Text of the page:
Disadvantages of slab foundations

  • Difficulty Accessing Water and Gas Lines
    In homes with slab foundations, gas and water lines are embedded in the concrete foundation. If they ever need repairs, the concrete needs to be jackhammered to access them, raising the cost of repairs.
  • Prone to Freezing Damage
    Even with advances in building techniques, concrete is still prone to cracking in areas with extremely low temperatures. Such cracks can increase the chance of moisture-related issues and put your home’s structural integrity at risk.
  • Poor Insulation
    Slabs do not require insulation, which may reduce your home’s energy efficiency in winter. You may notice that your floors will be colder and have higher heating costs.

When Is a Slab Foundation Best?

Slab foundations are ideal in the following situations:

  1. Temperate climates: Since they are prone to cracking in areas subject to freezing, slab foundations are best in areas that do not have a frost line.
  2. Minimize construction and maintenance costs: If time and money are significant factors for your build, you may lean towards a slab foundation.
  3. Shallow Bedrock & High Water Table: If your land makes digging difficult, either because it is too rocky or the water table is near the surface, consider a slab foundation.
  4. Flat Ground: Concrete slabs need leveled ground since they are one solid piece. A slab foundation is a good choice if your land is already leveled.
  5. Accessibility Needs: If steps are challenging, consider a slab foundation, which is generally flush with the ground.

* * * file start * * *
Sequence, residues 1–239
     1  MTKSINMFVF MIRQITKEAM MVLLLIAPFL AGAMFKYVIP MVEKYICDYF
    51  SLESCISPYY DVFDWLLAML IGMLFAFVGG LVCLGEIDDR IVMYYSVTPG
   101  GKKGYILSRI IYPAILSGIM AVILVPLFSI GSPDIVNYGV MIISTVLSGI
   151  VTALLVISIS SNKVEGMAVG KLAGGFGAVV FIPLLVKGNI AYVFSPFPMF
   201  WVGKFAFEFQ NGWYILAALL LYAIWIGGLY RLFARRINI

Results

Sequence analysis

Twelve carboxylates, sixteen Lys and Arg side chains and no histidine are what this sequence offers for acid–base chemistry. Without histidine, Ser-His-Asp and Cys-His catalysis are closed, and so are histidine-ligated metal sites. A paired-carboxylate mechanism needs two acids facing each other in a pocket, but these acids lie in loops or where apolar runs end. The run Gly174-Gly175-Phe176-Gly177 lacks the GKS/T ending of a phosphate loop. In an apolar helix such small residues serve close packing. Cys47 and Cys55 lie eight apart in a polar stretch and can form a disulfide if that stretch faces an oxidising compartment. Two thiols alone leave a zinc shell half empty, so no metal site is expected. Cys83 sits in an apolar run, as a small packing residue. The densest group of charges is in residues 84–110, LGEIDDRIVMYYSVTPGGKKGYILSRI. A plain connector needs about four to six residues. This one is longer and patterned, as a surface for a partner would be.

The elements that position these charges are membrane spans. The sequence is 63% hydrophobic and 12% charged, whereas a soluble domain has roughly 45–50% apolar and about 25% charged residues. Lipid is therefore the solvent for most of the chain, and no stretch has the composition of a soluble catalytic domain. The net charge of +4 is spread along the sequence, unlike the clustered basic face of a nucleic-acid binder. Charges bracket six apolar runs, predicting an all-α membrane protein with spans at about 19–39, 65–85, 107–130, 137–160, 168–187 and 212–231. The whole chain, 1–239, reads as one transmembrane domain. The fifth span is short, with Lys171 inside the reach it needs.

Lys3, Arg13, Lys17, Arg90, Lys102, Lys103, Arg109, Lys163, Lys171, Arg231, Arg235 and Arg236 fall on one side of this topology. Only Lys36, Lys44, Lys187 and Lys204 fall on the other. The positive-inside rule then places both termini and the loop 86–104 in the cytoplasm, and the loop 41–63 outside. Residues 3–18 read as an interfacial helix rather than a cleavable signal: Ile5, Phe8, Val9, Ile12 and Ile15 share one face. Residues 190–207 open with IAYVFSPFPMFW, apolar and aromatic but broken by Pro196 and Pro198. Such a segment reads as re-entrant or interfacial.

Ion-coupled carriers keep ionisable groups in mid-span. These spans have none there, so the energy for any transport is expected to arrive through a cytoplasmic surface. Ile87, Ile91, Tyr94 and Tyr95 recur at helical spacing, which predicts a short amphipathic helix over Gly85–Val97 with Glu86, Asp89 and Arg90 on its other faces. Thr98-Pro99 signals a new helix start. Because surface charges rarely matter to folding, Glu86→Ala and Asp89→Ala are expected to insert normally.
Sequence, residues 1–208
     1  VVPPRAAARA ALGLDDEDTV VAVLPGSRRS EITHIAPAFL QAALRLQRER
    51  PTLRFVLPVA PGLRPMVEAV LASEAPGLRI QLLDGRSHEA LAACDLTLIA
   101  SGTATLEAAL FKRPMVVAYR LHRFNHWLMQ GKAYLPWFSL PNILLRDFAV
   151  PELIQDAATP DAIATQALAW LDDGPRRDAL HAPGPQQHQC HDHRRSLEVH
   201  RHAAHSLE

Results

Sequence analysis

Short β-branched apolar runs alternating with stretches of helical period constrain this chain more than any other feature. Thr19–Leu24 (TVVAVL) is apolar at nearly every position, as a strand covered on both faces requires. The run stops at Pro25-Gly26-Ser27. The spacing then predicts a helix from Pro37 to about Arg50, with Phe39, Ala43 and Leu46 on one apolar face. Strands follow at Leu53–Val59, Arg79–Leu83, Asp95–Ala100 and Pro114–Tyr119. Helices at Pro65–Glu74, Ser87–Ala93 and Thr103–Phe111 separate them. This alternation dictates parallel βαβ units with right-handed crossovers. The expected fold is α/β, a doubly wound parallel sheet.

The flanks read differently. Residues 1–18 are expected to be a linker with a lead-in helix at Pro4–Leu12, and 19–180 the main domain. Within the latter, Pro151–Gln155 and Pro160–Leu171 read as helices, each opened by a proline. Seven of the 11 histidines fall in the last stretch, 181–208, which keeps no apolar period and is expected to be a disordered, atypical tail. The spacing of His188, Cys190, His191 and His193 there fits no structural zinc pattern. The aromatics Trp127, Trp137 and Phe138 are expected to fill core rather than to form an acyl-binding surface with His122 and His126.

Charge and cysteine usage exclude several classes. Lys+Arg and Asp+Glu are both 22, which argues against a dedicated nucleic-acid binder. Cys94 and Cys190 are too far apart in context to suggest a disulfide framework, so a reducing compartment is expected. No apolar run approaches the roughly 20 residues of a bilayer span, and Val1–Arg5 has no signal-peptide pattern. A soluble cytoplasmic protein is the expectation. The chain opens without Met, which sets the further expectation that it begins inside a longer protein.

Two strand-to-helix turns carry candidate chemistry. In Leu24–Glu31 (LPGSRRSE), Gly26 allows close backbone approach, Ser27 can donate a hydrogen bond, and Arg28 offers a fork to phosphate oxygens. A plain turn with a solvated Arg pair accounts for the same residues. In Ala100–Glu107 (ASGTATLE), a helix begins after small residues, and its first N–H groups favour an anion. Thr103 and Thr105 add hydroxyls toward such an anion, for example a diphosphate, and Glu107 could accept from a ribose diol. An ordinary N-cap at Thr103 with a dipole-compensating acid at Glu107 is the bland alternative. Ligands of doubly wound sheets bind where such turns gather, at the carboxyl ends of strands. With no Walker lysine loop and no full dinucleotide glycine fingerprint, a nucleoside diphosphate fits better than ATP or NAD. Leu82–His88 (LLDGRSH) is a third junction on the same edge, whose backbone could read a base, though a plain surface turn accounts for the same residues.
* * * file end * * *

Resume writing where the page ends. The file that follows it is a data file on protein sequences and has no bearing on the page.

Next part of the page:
For more information, see Slab Foundation Vs. Crawl Space.

Common Problems With Slab Foundations

No foundation is indestructible. The most common issues for concrete slabs are cracking, differential settlement, and upheaval.

  • Cracking
    A slab may crack because of large tree roots, freezing temperatures, earthquakes, and shifting soil. Cracking can affect the structural integrity of your home and should be examined by a professional foundation repair contractor.
  • Differential Settlement
    While it is normal for a home to settle, or sink, slightly into the ground, differential settlement is when part of your home settles faster than the rest. This may happen because of issues with the soil, like excessive moisture or erosion. Differential settlement is a structural issue. It also leads to problems like sagging ceilings, cracks in the foundation, floor, and walls, and warped framing, causing doors and windows to stick.
  • Upheaval
    When the moisture in the soil freezes, it can cause the slab to rise and become uneven. Upheaval leads to similar issues as differential settlement.

Common Repairs for Slab Foundations

Common repairs for slab foundations include leveling uneven slabs with a method called foundation underpinning and sealing cracks with unique solutions such as epoxy injections.

  • Foundation Underpinning

    With the help of push and helical piers, your home’s foundation can be leveled permanently by connecting it to stable ground below and raising it as much as possible without causing damage.

  • Epoxy Injections

    This special sealant is waterproof and reinforces the concrete while patching cracks.

If your concrete slab foundation is experiencing any cracking, differential settlement, or upheaval, contact us as soon as possible to provide the best solution. With 30 years of experience, we can help you permanently restore the safety and integrity of your home. We service areas in Nebraska, Iowa, Kansas, and Missouri.

WRITTEN BY

Dave Epp

Dave is the President at Epp Foundation Repair with over 27 years of experience in the industry. Dave has worked on thousands of foundation, basement, concrete, and crawl space repair projects since 1993. Dave is involved in several civic and church organizations and enjoys coaching youth sports, mainly football, golfing, and elk hunting.